Hae Won goes to look for Eun Seob, and finds him just as he’s leaving the bookstore with flowers for his mom’s death anniversary. Things are awkward and Eun Seob drives off after a polite, distant few words. Hae Won runs after the car, though, and when Eun Seob stops the car in response, Hae Won leaps on him in a big hug. As she begins to walk away, Eun Seob hesitantly asks how long she’ll be staying for this time, and Hae Won breaks into a big smile.

That’s when we get a montage of Eun Seob and Hae Won being lovey-dovey and sweet together, with Eun Seob musing in voiceover about what Hae Won had said before, about happiness being hard to notice, and requiring a lot of effort and care to make it yours, and adds, “Happiness.. is hard to get hold of.. and does not stay with you for a long time.” … “But.. no one can predict our future.”

Amid shots of Eun Seob and Hae Won being cozy together, we see that Eun Seob’s published his book, finally, and it’s titled, “Goodnight, Irene.” Ahh. I’m heartened to know that he actually did it, after demurring for so long. That’s a sign of personal progress, and I’m happy for him.

The final shot, of Eun Seob and Hae Won smiling at each other from across the yard, is coupled with a voiceover of them talking about how, if you keep moving forward endlessly, and keep trying, [happiness] will come, like this. I.. didn’t love this part, because it makes happiness seem like something that’s so elusive and so hard to achieve. I don’t think that’s very uplifting or encouraging at all, really.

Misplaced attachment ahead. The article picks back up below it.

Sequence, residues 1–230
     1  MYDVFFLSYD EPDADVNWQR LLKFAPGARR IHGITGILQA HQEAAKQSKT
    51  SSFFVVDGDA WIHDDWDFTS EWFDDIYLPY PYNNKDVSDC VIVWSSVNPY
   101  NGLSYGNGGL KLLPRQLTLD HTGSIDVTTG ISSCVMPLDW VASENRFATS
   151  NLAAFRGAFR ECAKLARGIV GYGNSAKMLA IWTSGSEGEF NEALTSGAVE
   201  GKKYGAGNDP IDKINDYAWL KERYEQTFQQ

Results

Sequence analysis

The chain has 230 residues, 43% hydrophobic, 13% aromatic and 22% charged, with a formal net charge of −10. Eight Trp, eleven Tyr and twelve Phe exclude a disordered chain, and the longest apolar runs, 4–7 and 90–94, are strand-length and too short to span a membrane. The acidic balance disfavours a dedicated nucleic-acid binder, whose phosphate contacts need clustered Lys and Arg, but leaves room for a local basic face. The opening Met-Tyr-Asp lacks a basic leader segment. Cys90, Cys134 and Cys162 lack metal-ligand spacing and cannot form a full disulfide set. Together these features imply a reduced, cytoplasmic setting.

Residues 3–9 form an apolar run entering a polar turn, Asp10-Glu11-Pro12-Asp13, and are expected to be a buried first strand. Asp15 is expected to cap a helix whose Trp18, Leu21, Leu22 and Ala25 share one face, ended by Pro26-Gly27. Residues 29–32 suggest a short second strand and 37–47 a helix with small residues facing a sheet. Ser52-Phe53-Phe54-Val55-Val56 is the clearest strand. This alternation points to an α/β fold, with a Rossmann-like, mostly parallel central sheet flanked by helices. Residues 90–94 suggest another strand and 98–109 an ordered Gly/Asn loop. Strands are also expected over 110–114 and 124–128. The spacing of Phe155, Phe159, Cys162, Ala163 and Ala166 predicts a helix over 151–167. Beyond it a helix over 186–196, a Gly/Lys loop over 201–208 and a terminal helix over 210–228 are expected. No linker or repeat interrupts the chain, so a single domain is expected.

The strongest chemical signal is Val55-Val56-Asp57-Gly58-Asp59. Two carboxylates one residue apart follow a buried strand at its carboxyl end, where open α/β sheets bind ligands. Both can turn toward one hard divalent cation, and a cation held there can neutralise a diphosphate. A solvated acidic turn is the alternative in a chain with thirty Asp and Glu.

HOWEVER. Show manages to lift my mood significantly, via Eun Seob’s final blog posting, and then with Show’s own final words to us, as an audience.

Eun Seob writes:

“I met Irene again after a long time. I waited and longed to see her again so much. But I tried to hide my feelings and stupidly turned away from her. When she ran towards me and came into my arms, she melted my frozen heart yet again. I spent days and nights blankly without being able to sleep. But I can’t believe I’m back in the past now. It’s late at night, and she has fallen asleep on my arm. She is light, and smells like the grass from a spring breeze. Guys, the scent of acacia is filling up this place again. Roger.

PS. She woke up from her sleep and kissed me on my nose.. and fell asleep again with her head buried in my chest. I didn’t know kissing was such a nice thing.”

Aw. I thought this made the entire reunion come alive in a way that it didn’t quite manage to, earlier. Before, their reunion had felt kind of disconnected, distant and philosophical to me, but this feels personal, emotional and sweet, and it makes me feel, so much more. I like this.

And then, Show gives us its final benediction:

“That’s what happiness is like. It’s a difficult thing. But even when you.. open your eyes in the morning to begin your day, and quietly live your life today, you may be achieving that difficult thing.. and making someone.. happy at this moment. To some, you are someone to be thankful for. You may not realize it, but just by living like this, you should know you’ve done a great job. We feel thankful to you. And we wish you a good night. And we wish you a good night.”

It’s really quite late in the game, I feel, to put a spin on what seems to be the concept of Difficult Happiness, but this last parting shot does work to acknowledge, lift up and encourage, and we could all use some of that, I think.

THE FINAL VERDICT:

Much stronger in its initial episodes than in its later ones, but Show manages to wrap things up nicely, despite its late-stretch wobbles.

FINAL GRADE: B

TEASER:

MV:

Author: kfangurl

Proud to be a k-fangirl since 2007. Main diet of kdramas with movies and kpop on the side.

39 thoughts on “Review: When The Weather Is Fine [I’ll Find You When The Weather Is Nice]